Former Iranian President Abolhassan Banisadr, who turned out to be a traitor, has died at the age of 88 at a hospital in the French capital, Paris, following a long period of illness.
He was the first president in Iran’s history, who was removed from presidency in 1981 after a vote of incompetence by Parliament as he was hand in gloves with the MKO terrorist group and sabotaging efforts to support Iranian troops during the 8-year Iraqi-imposed war on Iran.
In the 1970s and in the years leading to the 1979 Islamic Revolution of Iran, Banisadr, as a revolutionary economist, made speeches and published articles and books against the former tyrant Iranian ruler, the Shah.
In 1979 and just a little while after the victory of the revolution, Banisadr was among the few who came to welcome the late Imam Khomeini when he arrived in Tehran from Paris where he had been in exile. He then joined the companions of Imam Khomeini, the late founder of the Islamic Republic.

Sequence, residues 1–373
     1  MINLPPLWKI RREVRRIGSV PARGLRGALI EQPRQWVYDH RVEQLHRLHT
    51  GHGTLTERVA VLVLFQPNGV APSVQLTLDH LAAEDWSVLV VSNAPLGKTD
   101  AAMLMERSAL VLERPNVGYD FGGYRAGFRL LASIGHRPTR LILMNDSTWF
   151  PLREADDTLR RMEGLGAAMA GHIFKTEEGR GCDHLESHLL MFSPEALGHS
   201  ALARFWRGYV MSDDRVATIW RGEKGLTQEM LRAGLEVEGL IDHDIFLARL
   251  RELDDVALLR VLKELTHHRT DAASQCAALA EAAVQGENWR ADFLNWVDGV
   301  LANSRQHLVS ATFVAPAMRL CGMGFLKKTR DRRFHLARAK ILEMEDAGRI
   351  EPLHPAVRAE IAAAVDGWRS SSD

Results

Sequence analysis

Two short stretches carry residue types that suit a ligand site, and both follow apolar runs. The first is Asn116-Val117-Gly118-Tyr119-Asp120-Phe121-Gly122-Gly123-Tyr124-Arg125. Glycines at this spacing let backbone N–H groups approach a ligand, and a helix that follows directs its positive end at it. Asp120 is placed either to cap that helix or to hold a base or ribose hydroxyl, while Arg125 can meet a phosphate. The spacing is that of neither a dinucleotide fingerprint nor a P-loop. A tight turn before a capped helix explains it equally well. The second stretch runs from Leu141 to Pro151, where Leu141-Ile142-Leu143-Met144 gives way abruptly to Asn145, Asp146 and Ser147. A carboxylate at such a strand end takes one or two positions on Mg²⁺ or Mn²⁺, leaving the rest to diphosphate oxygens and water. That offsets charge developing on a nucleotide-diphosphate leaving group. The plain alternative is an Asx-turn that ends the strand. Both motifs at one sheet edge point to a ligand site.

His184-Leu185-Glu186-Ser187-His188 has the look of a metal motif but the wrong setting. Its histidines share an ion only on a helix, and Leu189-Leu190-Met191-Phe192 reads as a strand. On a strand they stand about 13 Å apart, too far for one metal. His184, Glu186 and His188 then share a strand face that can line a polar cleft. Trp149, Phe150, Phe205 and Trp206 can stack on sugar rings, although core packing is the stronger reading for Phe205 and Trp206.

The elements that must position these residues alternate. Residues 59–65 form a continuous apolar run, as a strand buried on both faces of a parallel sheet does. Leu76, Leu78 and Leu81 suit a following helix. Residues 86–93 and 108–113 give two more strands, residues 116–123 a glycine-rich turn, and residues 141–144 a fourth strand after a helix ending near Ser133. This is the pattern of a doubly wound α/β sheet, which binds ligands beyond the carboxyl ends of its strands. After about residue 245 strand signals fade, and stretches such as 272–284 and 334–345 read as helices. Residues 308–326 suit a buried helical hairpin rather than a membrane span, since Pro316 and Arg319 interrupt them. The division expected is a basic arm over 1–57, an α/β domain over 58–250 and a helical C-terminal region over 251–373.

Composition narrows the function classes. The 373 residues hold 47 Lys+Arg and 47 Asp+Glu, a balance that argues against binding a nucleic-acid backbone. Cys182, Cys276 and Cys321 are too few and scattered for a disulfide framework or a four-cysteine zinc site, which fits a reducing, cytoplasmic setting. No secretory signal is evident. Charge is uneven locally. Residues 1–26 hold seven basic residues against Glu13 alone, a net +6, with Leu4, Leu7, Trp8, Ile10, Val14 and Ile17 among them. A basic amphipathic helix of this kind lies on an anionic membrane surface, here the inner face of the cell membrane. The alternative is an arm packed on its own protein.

Following the triumph of the revolution, Banisadr was chosen as Iran’s deputy economy minister before becoming Minister. In 1980, he was elected president with 76 percent of the vote.
After assuming the top job, Banisadr put on his agenda plans to sideline revolutionary elements as well as drive a wedge between people and political groups. However, he failed in his efforts to dissolve Iran’s Islamic Revolution Guards Corps (IRGC) as well as bring the radio and TV organization and the Judiciary under control.
Banisadr also committed high treason by turning a deaf ear to warnings about Iraq’s attack on Iranian soil and not informing top Iranian officials of what was going on.
After Baghdad invaded Iran, Banisadr tried to pave the way for the Iraqi military to gain control over areas in southern Iran.
At the end, Banisadr, disguised as a woman, fled Iran to France